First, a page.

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Art in Nature

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Expressive Arts in Partnership with Nature

 

“We cannot win this battle to save species and environments without forging an emotional bond between ourselves and nature – for we will not fight to save what we do not love.”

 – Stephen J. Gould, Evolutionary Biologist

In early August this year Denise Incao, local artist and Mater of Arts student offered a multi-day program at Watson Woods Riparian Preserve to help people explore through art and experience their personal relationships to nature.

Activities during the program included education, service work, ‘wilderness’ immersion, reflection and group discussion. Oren Thomas, Conservation Projects Manager for Prescott Creeks, started the group off with a tour of Watson Woods Riparian Preserve that featured general ecology, natural and human history of the Preserve, and a focus on recent ecological restoration efforts. Program participants also enjoyed time with Filmer Kewanyama, a visiting Hopi artist. Filmer shared the spiritual relationship the Hopi people have with the natural world through art, the ceremonies/dances and their relevance in keeping harmony and balance in the world. He discussed reciprocity in relationship to the Hopi people, land, and the environment. He also spoke about gratitude, offerings, and prayers. The idea of the web of life and interconnected relationships show how each action affects another and others beyond that.

This introduction to Watson Woods Riparian Preserve was followed by a short service project helping Prescott Creeks to remove a non-native plant that out-competes native plants within the Preserve. After the group ‘earned’ its sweat-equity stake in the ongoing restoration work at the Preserve, individuals dispersed throughout the natural area for quiet contemplation of their own relationship with the natural environment in general, and with Watson Woods Riparian Preserve specifically.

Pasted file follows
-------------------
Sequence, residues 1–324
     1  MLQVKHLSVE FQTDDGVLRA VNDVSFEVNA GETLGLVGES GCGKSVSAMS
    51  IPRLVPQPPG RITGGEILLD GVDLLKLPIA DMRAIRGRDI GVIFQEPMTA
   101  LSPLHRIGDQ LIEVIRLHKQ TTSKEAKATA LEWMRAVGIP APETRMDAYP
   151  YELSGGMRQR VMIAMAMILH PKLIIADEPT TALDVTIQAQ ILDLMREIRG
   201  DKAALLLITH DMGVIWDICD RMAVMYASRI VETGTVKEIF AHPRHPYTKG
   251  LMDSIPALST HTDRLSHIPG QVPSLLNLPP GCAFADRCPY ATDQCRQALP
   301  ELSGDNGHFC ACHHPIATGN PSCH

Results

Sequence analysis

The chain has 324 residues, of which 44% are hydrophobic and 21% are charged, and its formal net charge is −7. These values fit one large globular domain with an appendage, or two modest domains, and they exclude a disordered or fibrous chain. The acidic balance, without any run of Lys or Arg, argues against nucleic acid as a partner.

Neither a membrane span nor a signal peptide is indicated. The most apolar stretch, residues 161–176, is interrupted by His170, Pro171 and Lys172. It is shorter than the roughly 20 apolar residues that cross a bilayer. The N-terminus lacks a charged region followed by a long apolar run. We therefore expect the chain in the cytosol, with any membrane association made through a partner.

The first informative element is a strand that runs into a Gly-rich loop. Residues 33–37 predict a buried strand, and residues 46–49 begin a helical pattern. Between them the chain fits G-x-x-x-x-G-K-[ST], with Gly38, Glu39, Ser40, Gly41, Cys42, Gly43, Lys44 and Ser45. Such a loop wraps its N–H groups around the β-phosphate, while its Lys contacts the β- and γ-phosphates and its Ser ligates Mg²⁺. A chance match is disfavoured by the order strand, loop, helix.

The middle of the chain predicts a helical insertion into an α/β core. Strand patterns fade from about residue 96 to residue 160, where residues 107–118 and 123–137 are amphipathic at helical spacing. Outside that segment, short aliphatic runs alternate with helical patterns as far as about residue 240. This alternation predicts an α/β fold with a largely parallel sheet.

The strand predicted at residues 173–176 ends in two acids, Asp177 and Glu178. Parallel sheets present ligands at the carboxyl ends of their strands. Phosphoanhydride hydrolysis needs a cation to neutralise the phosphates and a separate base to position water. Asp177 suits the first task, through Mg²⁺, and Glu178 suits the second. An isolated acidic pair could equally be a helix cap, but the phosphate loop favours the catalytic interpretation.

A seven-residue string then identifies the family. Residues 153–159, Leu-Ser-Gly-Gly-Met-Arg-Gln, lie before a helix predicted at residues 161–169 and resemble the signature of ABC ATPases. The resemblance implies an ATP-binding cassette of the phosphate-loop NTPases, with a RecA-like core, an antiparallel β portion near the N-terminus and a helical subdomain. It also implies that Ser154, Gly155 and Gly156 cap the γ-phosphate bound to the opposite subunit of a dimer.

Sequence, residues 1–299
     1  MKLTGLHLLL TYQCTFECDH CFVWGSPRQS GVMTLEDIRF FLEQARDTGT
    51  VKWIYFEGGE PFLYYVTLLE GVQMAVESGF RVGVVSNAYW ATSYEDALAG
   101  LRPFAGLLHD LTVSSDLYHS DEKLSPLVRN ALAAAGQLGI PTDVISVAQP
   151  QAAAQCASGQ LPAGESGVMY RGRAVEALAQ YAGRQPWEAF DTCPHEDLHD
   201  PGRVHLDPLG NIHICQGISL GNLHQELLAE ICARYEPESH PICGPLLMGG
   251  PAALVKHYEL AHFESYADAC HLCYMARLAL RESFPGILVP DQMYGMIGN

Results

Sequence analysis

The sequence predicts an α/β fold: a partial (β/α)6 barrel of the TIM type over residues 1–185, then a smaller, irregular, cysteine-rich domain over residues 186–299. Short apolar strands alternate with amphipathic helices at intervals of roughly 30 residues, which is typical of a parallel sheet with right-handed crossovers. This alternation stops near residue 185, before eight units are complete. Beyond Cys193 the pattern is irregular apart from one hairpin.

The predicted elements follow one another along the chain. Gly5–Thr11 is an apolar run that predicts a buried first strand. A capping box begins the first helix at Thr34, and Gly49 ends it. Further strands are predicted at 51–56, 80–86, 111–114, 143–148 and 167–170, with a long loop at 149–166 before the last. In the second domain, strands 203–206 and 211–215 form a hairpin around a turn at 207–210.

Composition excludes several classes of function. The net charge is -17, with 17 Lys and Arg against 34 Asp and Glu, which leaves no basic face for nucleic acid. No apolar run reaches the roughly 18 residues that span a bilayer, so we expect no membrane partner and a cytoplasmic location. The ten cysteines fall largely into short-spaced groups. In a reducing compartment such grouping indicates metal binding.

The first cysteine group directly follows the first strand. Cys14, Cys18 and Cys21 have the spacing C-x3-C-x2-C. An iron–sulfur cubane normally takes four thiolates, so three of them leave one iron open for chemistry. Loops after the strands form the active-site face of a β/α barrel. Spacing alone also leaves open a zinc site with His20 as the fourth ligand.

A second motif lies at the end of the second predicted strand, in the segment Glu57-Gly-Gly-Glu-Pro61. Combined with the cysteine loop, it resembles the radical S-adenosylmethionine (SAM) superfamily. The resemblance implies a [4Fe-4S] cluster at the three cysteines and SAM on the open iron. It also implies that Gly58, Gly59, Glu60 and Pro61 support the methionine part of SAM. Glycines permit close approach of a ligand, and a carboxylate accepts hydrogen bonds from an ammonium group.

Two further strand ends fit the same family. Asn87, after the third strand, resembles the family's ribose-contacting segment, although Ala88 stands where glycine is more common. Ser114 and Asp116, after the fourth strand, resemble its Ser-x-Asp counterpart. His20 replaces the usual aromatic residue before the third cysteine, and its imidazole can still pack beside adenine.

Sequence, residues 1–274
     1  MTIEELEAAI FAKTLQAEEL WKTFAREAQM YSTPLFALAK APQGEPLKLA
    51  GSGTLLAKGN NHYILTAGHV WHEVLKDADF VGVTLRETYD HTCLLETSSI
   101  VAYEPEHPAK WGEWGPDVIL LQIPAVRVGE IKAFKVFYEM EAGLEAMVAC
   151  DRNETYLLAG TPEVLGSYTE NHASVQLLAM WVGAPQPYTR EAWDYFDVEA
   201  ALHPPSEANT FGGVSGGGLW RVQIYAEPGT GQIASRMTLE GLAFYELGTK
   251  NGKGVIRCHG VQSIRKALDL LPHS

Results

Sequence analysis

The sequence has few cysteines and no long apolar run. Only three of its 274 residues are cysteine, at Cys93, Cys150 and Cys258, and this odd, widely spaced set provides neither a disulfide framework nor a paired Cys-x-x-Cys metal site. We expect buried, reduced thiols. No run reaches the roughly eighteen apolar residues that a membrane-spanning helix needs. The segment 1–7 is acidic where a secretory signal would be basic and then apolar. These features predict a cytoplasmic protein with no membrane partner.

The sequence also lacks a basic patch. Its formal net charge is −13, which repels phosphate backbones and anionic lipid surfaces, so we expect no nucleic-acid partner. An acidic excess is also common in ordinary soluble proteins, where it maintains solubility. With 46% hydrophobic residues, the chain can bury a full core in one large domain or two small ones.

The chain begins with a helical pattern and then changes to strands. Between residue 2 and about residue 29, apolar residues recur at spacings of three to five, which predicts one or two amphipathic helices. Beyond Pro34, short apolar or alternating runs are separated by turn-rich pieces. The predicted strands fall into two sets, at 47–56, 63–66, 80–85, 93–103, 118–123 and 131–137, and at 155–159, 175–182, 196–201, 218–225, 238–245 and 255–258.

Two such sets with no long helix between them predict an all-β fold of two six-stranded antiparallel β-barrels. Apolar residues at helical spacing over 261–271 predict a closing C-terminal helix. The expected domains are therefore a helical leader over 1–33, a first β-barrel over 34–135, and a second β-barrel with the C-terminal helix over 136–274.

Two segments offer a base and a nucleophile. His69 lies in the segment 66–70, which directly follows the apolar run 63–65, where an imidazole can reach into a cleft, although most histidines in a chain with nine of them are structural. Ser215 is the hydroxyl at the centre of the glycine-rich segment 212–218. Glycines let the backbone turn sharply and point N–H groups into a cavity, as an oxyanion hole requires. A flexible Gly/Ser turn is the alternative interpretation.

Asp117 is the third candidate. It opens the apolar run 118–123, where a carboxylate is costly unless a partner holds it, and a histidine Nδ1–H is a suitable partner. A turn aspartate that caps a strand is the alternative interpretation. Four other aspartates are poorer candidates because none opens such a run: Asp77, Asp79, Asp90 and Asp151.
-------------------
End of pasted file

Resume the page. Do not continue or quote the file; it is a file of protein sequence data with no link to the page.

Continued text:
Denise says, “The nature of the work done in this program is deeply personal and private, so I cannot share intimate stories.” However, the participants reported positive, meaningful experiences and expressed gratitude about the value of insights and inspiration they acquired as a result from the program. Incao further explained that exploring our relationship to ourselves in nature through expressive art activities leads to examination of how people can keep their relationships to nature alive. The elements of rain and wind (which were strongly present each day of the program) found their way into the group’s considerations of their time in relationship to the bountiful, rich place that is Watson Woods Riparian Preserve. She says, “In my opinion, the Preserve is a wild and wonderful treasure in our community. One with a recent history shared intimately with humanity…once degraded by humans, but now is healing with the help of humans.” She lauds the ecological restoration efforts of Prescott Creeks and hopes her work can contribute to an overall healing and grounding for humanity. “Leave your cell phone in the car when you visit. Be present with all of your senses. It’s all about relationship!”

Editor’s note: The Expressive Arts in Partnership with Nature Program has been independently offered through Denise Incao. The views or findings presented here are those of Denise Incao and do not necessarily represent Prescott Creeks or its partners. To learn more, contact Denise Incao at deniseincao@gmail.com.

 

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